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From Inflation Shocks To Growth Scares
Welcome to The Observatory. The Observatory is how we at Prometheus monitor the evolution of the economy and financial markets in real-time. The insights provided here are slivers of our research process that are integrated algorithmically into our systems to create rules-based portfolios.
i. The Fed remains on the path to an aggressive tightening of financial conditions, sending expected returns higher. Expected returns are a function of the interest rate available on cash, plus a risk premium specific to each asset. Currently, expected returns are being propelled higher by monetary policy (interest rate hikes + QT). We show our gauges of these expected returns below:
Expected returns potentiate future returns; however, they do not catalyze them. Our regime-expected returns account for the market environment and are a much better pro-cyclical gauge of the returns we can expect in a given environment. We show this below:
Our regime-expected return gauges take into account both current and historical dynamics to asses potential returns on an asset in a given environment. As we can see above, most asset classes are likely to perform poorly in the current regime. This dynamic will only reverse when the Fed changes its monetary policy stance. However, the tide looks to be turning for Treasuries, mainly on the back of a slowing inflation impulse. We show how our treasury market inflation factor, which measures the pricing of inflation within the treasury market, has declined significantly:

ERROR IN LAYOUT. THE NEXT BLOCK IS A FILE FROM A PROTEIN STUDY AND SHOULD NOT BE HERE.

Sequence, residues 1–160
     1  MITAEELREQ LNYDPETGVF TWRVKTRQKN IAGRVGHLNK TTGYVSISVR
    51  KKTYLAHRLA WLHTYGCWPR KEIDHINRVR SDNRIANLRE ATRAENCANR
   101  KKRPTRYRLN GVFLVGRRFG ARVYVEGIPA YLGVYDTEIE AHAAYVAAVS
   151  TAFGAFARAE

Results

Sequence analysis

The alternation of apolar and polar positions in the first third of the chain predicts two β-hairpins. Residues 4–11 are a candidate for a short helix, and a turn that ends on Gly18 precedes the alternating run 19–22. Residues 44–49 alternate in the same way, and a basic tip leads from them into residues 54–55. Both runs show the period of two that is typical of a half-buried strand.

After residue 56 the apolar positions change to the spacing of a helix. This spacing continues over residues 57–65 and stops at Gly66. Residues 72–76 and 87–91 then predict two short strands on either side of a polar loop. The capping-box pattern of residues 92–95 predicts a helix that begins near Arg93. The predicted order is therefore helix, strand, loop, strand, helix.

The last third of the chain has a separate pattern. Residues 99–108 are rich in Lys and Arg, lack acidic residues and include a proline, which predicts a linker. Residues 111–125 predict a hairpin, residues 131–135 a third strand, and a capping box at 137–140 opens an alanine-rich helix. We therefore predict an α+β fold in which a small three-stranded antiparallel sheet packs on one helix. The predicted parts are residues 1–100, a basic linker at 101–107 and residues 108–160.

ii. Durable good new orders data showed sustained nominal demand. New Orders for Durable Goods came in at 10.9%, a sequential acceleration from the last print. This print surprised expectations with a monthly change of 1.9% versus expectations of -0.4%. We show the composition of this print below:
Transportation Equipment has been the most significant contributor to these moves, with a weighted year-over-year growth of 7.6%. We show this below:
Remember, inventory build is less penalized during inflationary periods, and we are seeing acute inflationary pressures in the transportation sector. Consumer demand for transportation and vehicles has not confirmed this data. Over the last year, Durable Goods New Orders have been in a downtrend though the latest print breaks this trend. We show the trend in the data below:
iii. Nominal Personal consumption expenditures are likely to accelerate tomorrow. Our systematic tracking of economic factors leads our systems to believe that nominal spending will remain stable this week. However, we continue to be in a decelerating trend. We show our model versus realized personal consumption data below:
We also show the recent sequential forecasts relative to realized data:
Consensus expectations on personal spending tend to be quite accurate, and our models are roughly in line with these expectations. Therefore, we do not expect a significant surprise here.
Our systems consider the principles underlying our economic and market analysis to create rules-based portfolios. Our portfolios have recently shifted towards Treasuries on the back of slowing inflation and deteriorating growth. They continue to remain long the dollar, short equities & credit. We show our asset class positioning below:
We show our security-level positioning as well:
Finally, we show the year-to-date performance of the Alpha Strategy:
Markets are now turning to price growth slowdown dynamics relative to inflation surprises; shorting gets harder here, but Treasury beta likely gets easier. Stay nimble.